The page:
About Me

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I'm a journalist, ex-national papers, now working in what we call "new" media.

Harry's Place is absolutely one of my favourite blogs. Its team of writers are generally informed, humane, intelligent and realistic (personal favourites Brownie and David T). The debate in its comments boxes is sometimes amusing and often informative, featuring points of views from around the world. I look at it most days and comment there from time to time.

However, when the topic is Israel/Palestine, the comments boxes are routinely taken over by the vilest nutcases. Take this thread for example, in which David T urges readers to sign a petition to free Alan Johnston. An uncontroversial request, you might think but a core of commenters use the opportunity to blacken Johnston's reputation ("Fuck him. He chose to hang out with terrorists and saw it as his job to misrepresent them to the world" is a choice example), to complain about BBC bias, to bicker about Israel and Palestine and to speculate unwholesomely about whether Johnston is alive or dead. Depressing, really.
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Football clubs, like newspapers and restaurants, tend to be run as dictatorsships with a single dominant figure (the editor, the proprietor, the manager, the chariman, the chef, the owner) telling everybody else what to do and succeeding or failing based on his judgement. Kelvin Mackenzie's Sun and Brian Clough's Nottingham Forest were two examples of the same phenomenon - a driven, charismatic boss who wasnt afraid to take decisions and seemed to get things right a lot of the time.

But for every Clough or Mackenzie there has been a host of failures -men who thought they knew what they were doing but led their clubs or papers disastrously down the wrong road. I've worked for a few editors like that, men and women who were forced by the whole history and psychology of newspapers to manage by hunch, but whose hunches were wrong. As a Manchester City fan, I've observed countless managers and chairmen behave the same way.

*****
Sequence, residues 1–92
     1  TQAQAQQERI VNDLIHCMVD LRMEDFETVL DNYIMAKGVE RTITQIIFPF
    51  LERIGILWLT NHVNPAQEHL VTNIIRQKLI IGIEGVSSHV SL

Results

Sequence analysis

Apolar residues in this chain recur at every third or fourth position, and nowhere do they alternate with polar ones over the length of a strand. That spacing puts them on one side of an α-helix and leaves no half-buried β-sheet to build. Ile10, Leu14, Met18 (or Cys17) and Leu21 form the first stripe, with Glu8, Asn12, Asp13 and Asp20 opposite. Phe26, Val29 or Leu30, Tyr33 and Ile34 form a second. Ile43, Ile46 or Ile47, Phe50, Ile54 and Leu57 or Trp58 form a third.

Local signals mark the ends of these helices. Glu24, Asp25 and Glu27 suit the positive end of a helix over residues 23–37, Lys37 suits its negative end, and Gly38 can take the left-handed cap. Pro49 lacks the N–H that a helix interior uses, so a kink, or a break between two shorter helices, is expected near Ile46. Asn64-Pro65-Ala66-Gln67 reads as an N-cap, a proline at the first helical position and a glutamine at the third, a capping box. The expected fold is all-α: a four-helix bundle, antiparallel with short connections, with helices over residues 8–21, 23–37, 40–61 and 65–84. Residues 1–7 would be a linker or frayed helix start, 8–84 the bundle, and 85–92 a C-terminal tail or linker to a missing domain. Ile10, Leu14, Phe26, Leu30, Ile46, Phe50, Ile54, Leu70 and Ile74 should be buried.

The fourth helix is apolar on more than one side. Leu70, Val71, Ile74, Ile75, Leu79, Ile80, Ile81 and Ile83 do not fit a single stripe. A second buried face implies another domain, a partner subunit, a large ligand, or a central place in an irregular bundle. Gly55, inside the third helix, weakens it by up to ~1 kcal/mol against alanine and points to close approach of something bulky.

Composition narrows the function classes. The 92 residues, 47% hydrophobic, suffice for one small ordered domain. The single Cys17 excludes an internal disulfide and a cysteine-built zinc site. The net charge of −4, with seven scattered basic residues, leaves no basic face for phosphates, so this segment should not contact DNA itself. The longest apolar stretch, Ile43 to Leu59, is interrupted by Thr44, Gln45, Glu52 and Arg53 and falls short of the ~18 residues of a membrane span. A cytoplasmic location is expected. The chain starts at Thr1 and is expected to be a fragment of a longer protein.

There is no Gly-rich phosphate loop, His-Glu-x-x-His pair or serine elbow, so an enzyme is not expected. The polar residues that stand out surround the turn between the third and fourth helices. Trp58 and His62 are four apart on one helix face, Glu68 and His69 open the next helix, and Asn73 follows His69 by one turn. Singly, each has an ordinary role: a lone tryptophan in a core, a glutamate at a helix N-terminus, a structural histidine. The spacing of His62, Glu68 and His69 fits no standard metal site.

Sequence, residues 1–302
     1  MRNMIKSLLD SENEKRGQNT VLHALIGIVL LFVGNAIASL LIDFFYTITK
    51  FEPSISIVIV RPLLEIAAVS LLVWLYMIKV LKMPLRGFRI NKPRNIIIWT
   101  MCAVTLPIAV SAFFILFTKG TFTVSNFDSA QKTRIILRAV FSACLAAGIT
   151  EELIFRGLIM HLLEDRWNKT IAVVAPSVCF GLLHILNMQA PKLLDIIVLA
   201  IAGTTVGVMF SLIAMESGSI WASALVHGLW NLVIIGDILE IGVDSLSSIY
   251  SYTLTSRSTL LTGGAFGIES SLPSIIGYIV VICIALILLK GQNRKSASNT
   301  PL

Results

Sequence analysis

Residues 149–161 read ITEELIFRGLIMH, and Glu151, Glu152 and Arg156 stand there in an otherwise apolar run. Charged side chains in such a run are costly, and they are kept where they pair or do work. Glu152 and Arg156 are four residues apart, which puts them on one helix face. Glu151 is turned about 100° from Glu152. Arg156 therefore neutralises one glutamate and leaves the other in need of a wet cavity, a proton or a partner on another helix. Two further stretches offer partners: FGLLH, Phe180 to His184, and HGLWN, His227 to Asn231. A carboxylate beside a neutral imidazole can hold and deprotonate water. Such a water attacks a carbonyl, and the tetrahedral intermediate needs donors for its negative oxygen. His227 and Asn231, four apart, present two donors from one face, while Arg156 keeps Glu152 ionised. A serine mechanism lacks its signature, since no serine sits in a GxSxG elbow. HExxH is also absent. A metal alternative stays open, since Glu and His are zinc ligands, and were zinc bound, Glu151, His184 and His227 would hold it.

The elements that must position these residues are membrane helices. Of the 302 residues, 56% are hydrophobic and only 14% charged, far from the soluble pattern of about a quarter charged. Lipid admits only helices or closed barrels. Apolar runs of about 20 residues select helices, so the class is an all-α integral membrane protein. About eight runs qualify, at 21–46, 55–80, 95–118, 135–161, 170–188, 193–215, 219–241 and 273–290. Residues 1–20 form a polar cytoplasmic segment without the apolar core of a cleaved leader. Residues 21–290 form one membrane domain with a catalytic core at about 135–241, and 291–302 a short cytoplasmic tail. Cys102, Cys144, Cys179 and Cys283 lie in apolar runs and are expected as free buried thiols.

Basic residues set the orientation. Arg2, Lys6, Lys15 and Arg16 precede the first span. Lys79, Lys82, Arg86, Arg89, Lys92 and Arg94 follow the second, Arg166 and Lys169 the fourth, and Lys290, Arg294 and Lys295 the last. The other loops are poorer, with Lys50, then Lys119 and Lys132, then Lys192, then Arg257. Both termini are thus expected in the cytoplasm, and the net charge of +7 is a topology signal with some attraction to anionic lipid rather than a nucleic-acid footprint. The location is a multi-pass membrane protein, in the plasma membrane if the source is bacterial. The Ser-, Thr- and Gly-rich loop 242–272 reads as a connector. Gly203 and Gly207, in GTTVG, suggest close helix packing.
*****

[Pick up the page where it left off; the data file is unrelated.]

There is another way, less glamorous, but more reliable. Use statistics, research and data to guide your decisions. Most of the business world functions like this, but football and the press have largely avoided it. I've just been reading Michael Lewis's Moneyball, in which he tells the story of how a poorly funded baseball side punched way above its weight by using statistics to identify high-performing players who had been missed by the traditional scouting system, which relied on the hunches and prejudices of former players.

I witnessed the same sort of thing when I moved from papers to online. Suddenly we knew a very great deal about what our audience was doing, what it liked to read and what it was not interested in. No way could any online site I've worked on (with audiences far bigger than any national newspaper) justify paying hundreds of thousands of pounds a year to a star columnist. Yet newspapers do this as a matter of routine, because hunch and print tradition tell them it is the right thing to do.

It's probably too late to save newspapers from the consequences of decades of accumulated wrong decisions. It may not be too late for football clubs such as Man City. I've been interested to read reports of Ray Ranson's attempted takeover of the club. Ranson says he has a new model for running football, which doesn't involve the great dictatorial manager figure. He doesn't go into detail but, as he is involved in Prozone, which provides very detailed data on players and their performance, I strongly suspect he is in the Moneyball/internet camp and I hope his bid is successful.
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The redesigned FT print edition looks nice enough. It turns out to be the work of my old boss Richard Addis. It is hardly revolutionary though, which is presumably why, in an interview with Roy Greenslade, Lionel Barber, the FT's editor, refers to it as a 'refresh'.

Barber also mentions that one of his goals was to make the FT appear 'sharper', which immediately took me back to my newspaper days. Whenever we redesigned, refreshed or revamped the paper, or introduced a new section or a new columnist and were looking for a way to puff this to the readers, we inevitably hit on the word 'sharp'.

Why? I think because 'sharpness' in newspapers sounds utterly desirable but is almost entirely indefinable. Is the FT now 'sharper' than the Guardian or the Times? Who can say?